The Industrial and Commercial Bank of China Financial Services (ICBC FS), a subsidiary of China’s largest lender ICBC, has confirmed that it suffered from a disruptive ransomware attack.
Thursday’s attack on the Industrial and Commercial Bank of China (ICBC), one of the largest financial institutions in the world, was narrowed down to ICBC’s subsidiary based in New York, ICBC FS.
According to the company’s statement, the attack disrupted “certain FS systems.” Once the company caught the attack, it disconnected the impacted systems to contain the incident.
“ICBC FS has been conducting a thorough investigation and is progressing its recovery efforts with the support of its professional team of information security experts,” the company said.
While there's no confirmed details about the attack's perpetrators, security researchers vx-underground claim that the notorious ransomware gang LockBit admitted being behind the attack.
ICBC FS's statement says that the company managed to clear US Treasury trades and Repo financing trades that could be executed due to systems going offline amidst the ransomware attack.
The company noted that its business and email systems operate independently from the ICBC China Group.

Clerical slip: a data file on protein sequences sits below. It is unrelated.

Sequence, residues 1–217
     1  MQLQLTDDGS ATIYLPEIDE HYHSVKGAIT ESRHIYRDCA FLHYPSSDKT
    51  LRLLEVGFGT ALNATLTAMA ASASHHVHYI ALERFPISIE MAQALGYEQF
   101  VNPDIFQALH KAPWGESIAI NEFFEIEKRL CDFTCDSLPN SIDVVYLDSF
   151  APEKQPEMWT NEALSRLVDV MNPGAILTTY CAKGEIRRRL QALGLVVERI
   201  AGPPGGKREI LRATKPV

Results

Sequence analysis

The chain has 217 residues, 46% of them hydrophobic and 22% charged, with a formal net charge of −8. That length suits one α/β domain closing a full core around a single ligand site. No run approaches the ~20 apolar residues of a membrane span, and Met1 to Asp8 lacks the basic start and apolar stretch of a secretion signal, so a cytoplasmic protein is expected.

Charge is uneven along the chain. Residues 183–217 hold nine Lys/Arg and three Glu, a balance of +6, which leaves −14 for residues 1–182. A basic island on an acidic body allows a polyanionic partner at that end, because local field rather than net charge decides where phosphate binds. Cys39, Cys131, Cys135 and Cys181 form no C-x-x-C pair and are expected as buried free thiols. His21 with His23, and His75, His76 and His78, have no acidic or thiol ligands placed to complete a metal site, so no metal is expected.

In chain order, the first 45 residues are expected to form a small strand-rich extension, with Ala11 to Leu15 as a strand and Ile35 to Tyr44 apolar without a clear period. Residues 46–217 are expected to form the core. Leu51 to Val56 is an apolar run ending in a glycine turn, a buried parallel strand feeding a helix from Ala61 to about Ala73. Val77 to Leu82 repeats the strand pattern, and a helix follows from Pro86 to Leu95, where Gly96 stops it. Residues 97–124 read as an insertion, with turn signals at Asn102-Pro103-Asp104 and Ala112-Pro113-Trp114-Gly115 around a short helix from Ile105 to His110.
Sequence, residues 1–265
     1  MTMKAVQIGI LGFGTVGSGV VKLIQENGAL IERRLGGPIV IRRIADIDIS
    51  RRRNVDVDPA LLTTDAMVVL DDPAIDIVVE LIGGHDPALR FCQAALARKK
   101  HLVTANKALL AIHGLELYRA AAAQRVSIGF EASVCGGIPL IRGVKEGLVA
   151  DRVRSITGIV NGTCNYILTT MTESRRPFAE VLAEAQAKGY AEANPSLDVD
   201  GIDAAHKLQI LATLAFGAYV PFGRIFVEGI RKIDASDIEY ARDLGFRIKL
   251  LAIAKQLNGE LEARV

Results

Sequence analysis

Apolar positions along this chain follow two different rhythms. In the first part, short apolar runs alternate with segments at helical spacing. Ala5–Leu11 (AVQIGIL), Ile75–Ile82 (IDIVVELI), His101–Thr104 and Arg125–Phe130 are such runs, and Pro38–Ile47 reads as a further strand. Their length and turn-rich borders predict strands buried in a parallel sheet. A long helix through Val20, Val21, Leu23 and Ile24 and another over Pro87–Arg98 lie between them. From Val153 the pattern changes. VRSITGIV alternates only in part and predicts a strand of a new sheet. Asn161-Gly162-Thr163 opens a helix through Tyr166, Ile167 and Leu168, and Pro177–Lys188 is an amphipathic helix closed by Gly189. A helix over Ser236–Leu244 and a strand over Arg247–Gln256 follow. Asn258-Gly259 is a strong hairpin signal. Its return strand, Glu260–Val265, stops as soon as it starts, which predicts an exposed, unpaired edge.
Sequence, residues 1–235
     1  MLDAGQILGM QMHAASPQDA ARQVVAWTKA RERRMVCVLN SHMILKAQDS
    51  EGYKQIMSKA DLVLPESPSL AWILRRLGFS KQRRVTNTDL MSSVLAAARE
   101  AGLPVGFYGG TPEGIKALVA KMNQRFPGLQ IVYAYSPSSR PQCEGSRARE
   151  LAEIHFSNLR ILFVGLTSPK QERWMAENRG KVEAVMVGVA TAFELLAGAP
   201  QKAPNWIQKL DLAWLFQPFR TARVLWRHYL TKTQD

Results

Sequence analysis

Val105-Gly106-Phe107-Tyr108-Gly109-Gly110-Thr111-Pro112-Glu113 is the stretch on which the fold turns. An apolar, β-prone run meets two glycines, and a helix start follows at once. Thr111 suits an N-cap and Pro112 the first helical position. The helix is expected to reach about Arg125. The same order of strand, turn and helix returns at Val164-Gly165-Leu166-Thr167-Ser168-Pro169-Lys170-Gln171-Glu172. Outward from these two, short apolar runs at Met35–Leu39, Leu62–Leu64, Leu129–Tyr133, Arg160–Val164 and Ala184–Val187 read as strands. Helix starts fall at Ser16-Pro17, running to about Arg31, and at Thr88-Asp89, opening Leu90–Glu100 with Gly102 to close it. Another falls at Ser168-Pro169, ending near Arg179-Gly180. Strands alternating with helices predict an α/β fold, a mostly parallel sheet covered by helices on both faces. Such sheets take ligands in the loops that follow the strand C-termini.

“The systems of the ICBC Head Office and other domestic and overseas affiliated institutions were not affected by this incident, nor was the ICBC New York Branch,” ICBC FS said.
Headquartered in New York, ICBC FS is a subsidiary of ICBC, which provides global clearing, execution, and financing services worldwide.
ICBC is China’s largest commercial lender, with assets exceeding $6 trillion. The bank employs nearly 435,000, and the company’s majority shareholder is the Chinese government.
Attacking Chinese-owned financial institutions is not an everyday occurrence. Most prominent ransomware operators have rules against targeting Russian and Chinese entities, focusing their efforts against targets in the West.
Attacking an organization as large as ICBC might have been a mistake by an inexperienced ransomware operator, as incidents where influential organizations are involved often put a red target on the back of the attackers, cybersecurity expert Roger Grimes said.
“[…] the Chinese certainly have their own great hackers they can use as an offensive resource, and the US authorities are pretty good at identifying culprits and dishing out pain when the money involved is big enough. This is one of those cases,” Grimes said.
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